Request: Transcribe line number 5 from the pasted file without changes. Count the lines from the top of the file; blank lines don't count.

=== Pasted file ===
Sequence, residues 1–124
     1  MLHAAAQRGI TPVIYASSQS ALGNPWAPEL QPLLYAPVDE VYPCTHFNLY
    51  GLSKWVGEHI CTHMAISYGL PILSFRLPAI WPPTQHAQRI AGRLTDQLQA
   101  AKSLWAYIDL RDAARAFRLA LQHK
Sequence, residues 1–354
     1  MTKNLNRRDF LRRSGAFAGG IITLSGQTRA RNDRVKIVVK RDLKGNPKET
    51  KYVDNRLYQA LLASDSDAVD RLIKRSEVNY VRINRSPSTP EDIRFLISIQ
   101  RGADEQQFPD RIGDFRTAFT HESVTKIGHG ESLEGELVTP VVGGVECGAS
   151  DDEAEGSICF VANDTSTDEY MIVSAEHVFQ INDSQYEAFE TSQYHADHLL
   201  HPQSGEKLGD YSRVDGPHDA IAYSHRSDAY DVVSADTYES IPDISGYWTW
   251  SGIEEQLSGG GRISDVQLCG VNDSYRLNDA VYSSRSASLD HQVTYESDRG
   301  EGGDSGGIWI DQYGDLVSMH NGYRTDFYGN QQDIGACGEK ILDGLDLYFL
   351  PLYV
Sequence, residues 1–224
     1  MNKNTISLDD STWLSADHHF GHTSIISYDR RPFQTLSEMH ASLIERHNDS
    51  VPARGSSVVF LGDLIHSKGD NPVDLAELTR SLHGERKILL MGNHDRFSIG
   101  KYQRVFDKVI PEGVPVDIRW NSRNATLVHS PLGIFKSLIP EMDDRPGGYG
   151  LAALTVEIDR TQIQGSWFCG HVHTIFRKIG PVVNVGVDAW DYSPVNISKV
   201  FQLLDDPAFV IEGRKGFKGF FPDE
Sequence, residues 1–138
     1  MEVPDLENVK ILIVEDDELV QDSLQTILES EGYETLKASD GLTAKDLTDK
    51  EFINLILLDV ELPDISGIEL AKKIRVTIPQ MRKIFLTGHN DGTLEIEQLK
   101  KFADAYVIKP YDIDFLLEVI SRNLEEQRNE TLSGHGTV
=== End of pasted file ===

Sequence, residues 1–354